Ponsiglione, Alfonso Maria (2018) Impact of biopolymer matrices on relaxometric properties of MRI contrast agents and their application to Nanotechnology. [Tesi di dottorato]

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Item Type: Tesi di dottorato
Lingua: English
Title: Impact of biopolymer matrices on relaxometric properties of MRI contrast agents and their application to Nanotechnology
Ponsiglione, Alfonso Mariaalfonsom.ponsiglione@gmail.com
Date: 11 December 2018
Number of Pages: 206
Institution: Università degli Studi di Napoli Federico II
Department: Ingegneria Chimica, dei Materiali e della Produzione Industriale
Dottorato: Ingegneria dei prodotti e dei processi industriali
Ciclo di dottorato: 31
Coordinatore del Corso di dottorato:
Mensitieri, Giuseppegiuseppe.mensitieri@unina.it
Netti, Paolo AntonioUNSPECIFIED
Date: 11 December 2018
Number of Pages: 206
Uncontrolled Keywords: Magnetic Resonance Imaging; MRI; contrast agents; Gadolinium; Hydrodenticity; nanostructures; relaxivity; biopolymers; hydrogels
Settori scientifico-disciplinari del MIUR: Area 09 - Ingegneria industriale e dell'informazione > ING-IND/22 - Scienza e tecnologia dei materiali
Area 09 - Ingegneria industriale e dell'informazione > ING-IND/34 - Bioingegneria industriale
Date Deposited: 07 Jan 2019 23:51
Last Modified: 18 Nov 2020 10:00
URI: http://www.fedoa.unina.it/id/eprint/12646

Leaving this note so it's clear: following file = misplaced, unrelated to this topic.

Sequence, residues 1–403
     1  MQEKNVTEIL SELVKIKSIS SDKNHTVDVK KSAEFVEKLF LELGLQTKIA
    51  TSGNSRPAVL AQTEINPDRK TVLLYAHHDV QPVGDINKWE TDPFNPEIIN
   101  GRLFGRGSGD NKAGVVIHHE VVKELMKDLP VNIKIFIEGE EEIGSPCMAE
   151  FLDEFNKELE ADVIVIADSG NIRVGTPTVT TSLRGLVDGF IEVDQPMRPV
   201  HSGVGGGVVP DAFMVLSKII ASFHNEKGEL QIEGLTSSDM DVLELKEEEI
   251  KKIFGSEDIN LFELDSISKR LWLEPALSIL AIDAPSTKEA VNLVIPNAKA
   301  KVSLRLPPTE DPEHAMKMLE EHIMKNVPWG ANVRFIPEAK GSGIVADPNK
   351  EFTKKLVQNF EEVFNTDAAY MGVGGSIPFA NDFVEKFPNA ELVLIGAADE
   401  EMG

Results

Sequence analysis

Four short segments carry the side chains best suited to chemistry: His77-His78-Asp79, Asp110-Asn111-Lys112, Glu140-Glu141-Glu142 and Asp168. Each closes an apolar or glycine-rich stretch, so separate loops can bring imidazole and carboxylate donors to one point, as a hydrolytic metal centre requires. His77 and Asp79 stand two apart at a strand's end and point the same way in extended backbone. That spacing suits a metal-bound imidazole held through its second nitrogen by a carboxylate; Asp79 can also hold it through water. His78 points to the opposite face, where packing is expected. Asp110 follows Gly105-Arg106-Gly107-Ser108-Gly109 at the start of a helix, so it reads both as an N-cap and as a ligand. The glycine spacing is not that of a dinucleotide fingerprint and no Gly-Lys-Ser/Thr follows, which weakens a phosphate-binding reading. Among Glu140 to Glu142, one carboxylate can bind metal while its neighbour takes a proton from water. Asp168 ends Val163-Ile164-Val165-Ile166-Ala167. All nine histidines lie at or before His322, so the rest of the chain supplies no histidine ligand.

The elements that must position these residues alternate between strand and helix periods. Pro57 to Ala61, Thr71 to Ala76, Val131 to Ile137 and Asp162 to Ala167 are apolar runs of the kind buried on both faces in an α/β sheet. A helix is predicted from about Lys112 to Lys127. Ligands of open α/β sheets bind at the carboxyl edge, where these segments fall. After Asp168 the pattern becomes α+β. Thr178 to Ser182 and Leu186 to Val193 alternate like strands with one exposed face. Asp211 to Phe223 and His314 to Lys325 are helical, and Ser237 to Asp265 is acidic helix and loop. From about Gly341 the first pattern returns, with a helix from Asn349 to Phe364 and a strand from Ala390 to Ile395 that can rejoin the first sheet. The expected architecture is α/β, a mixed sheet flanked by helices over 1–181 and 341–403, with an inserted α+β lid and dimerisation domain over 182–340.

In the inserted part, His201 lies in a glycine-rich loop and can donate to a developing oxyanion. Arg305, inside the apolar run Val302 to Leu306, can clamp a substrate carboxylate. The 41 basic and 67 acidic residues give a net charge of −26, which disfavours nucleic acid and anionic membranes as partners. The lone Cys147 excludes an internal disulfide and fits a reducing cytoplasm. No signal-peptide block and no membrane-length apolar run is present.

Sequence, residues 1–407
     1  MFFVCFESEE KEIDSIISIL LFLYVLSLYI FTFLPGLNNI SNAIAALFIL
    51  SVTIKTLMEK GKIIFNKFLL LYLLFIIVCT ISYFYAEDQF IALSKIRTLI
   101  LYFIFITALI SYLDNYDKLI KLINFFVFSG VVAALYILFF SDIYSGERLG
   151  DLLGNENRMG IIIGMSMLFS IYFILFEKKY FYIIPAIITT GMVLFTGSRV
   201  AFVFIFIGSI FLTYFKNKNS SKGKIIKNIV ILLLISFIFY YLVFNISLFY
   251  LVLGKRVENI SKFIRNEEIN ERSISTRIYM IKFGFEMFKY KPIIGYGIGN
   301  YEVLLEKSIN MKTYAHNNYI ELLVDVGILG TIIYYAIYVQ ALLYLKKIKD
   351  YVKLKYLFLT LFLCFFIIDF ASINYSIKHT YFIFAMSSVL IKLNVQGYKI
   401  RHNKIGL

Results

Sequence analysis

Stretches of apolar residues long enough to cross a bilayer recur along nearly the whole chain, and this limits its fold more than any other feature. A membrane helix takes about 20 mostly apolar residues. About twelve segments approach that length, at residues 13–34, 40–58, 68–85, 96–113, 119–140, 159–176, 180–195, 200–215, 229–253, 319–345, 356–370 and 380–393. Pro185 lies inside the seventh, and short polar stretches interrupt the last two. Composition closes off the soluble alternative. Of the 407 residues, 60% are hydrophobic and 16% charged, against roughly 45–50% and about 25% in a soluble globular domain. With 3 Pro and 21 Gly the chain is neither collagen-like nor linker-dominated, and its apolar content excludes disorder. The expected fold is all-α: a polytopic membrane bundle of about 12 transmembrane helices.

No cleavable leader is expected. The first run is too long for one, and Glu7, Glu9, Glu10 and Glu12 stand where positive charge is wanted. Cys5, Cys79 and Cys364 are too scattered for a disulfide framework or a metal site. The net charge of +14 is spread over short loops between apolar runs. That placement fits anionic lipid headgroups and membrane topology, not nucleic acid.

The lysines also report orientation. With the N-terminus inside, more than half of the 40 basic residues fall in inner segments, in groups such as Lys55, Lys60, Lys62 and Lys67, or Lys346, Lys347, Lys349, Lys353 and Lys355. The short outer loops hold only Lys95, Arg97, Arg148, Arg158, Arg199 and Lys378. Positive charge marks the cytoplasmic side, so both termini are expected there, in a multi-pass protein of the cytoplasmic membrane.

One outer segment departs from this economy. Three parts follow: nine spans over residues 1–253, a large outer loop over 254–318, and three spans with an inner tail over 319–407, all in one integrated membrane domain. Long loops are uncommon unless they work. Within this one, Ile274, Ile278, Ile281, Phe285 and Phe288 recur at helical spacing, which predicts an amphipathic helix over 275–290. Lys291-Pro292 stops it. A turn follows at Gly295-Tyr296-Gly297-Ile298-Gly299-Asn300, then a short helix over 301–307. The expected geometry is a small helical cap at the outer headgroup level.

Magnetic Resonance Imaging (MRI) represents the first-line diagnostic imaging modality for numerous indications. It is a clinically well-established, non-invasive technique providing three dimensional whole body anatomical and functional imaging. It takes advantage of the magnetic properties of water protons present in the body and their tissue-dependent behaviour. High magnetic fields (1.5 T and above) are clinically favoured because of their higher signal-to-noise ratio, capability for MR spectroscopy, and other forms of functional MRI, high speed imaging, and high resolution imaging. Signal intensity in MRI is related to the relaxation rate of in vivo water protons and can be enhanced by the administration of a contrast agent (CA) prior to scanning. These CAs utilize paramagnetic metal ions and enhance the contrast in an MR image by positively influencing the relaxation rates of water protons in the immediate surroundings of the tissue in which they localize. Among different CAs, Gadolinium contrast medium is used in up to 30% of MRI scans and the most clinically-used MRI. However, Gadolinium (Gd), like most of the clinically-used CAs, is characterized by a relaxivity well below its theoretical limit, lacks in tissue specificity and, in addition, it causes heavy allergic effects and serious nephrotoxicity. In this framework, Port et al. have reported that the rigidification of MRI CAs, obtained through covalent or non-covalent binding to macromolecules, could be favourable to an increase in relaxivity of the metal-chelate. Later, Decuzzi et al. have proved that it is possible to modify through the geometrical confinement the magnetic properties of MRI CAs by controlling their characteristic correlation times without the chemical modification of the chelate structure. Furthermore, Courant et al. have highlighted the capability of combined hydrogels to boost the relaxivity of Gd-based CAs. Despite several experimental studies addressed in this field, a comprehensive knowledge of the mechanisms involved in the relaxation enhancement due to the entrapment of CAs in polymer-based architectures is still missing. In particular, the role played by the water at the interface between polymer chains and MRI CAs has not been fully investigated and could lead to the availability of tailored models that accurately describe these novel complex systems. In this work, we aim to demonstrate that a more in-depth knowledge about the interference between macromolecules and MRI CAs and an understanding of their physicochemical properties can significantly to impact in the design strategies of the nanostructures and, consequently, to overcome the limitations of clinically used MRI CAs, particularly linked to the low relaxivity. In this perspective, it is of primary importance to study the main phenomena involved in the formation of polymer matrices and how their properties can influence the relaxivity of MRI CAs. For this reason, we proposed a general strategy based on formation of nanostructures for boosting the efficacy of commercial Gd-based CAs by using FDA approved biopolymers, providing also tissue specificity and reduced nephrotoxicity. Indeed, we want to take advantage not only by the use of nanotechnologies for enhanced MRI but only by their capability to reach a specific target and to accumulate only in the site of interest. The implemented strategy has consisted in the control of the relaxometric properties by tuning the water dynamics, the physicochemical interactions and, therefore, the polymer conformation. Effectively, we primary investigated, in bulk, the impact of hydrogel solutions on the relaxometric properties of commercial CAs, highlighting the key role of hydrogel structural parameters (mesh size and crosslink density) in the relaxation enhancement. In this part, chemical and thermodynamic interactions involved in the complexation between biopolymers and CAs have been investigated through Isothermal Titration Calorimetry. Furthermore, characterizations of water dynamics and mobility and measurement of the relaxometric properties in hydrogel solutions containing CAs have been carried out by NMR and Time-Domain relaxometer. The main outputs were summarized in a concept called Hydrodenticity and defined as the equilibrium between the water osmotic pressure, the elastodynamic forces of the polymer chains and the hydration degree of the CA which is able to increase the relaxivity of the CA itself. Indeed, hydrogel nanostructures made of hydrophilic polymer chains held together by chemical or physical crosslinking, have the ability to swell in water, forming elastic gels that retain a large quantity of fluid in their mesh-like structures. The presence of hydrophilic polymer interfaces and the control of water behaviour in hydrogels play a fundamental role in the relaxation enhancement of the Gadolinium-based CAs by influencing the characteristic correlation times defined by the theory of Solomon and Bloembergen. Then, starting from the acquired knowledge, we moved to observe the role of Hydrodenticity in the design of biopolymer nanostructures for enhanced MRI. For the nanostructures’ synthesis, we used two different processing techniques: (1) High Pressure Homogenization; (2) Microfluidic Flow Focusing. These techniques were selected because of their ability to control process parameters enabling the tuning of the interaction between the biopolymers and the CA. Indeed, by easily adjusting concentrations, pressure of the Homogenizer and/or flow rates of the Microfluidic platform, we can modulate the crosslinking degree of the nanostructures and tune their hydrophilicity, size, shape and surface charge, impacting on the relaxometric properties. These approaches allow us to load MRI CAs into functional nanostructures and obtain nanocarries with tunable relaxometric properties. The powerful aspect and the novelty of our approach lies in the definition of Hydrodenticity and in its application to several architectures, biopolymers, lipids and mixture of them., preserving the main properties of nanoparticles for drug delivery. As future perspective, the nanostructures can also be engineered to carry more than one agent, accumulate in specific tissues or to act as probes for simultaneous diagnosis and therapy (theranostic or multimodal imaging agents), thereby facilitating targeted treatments and precision medicine.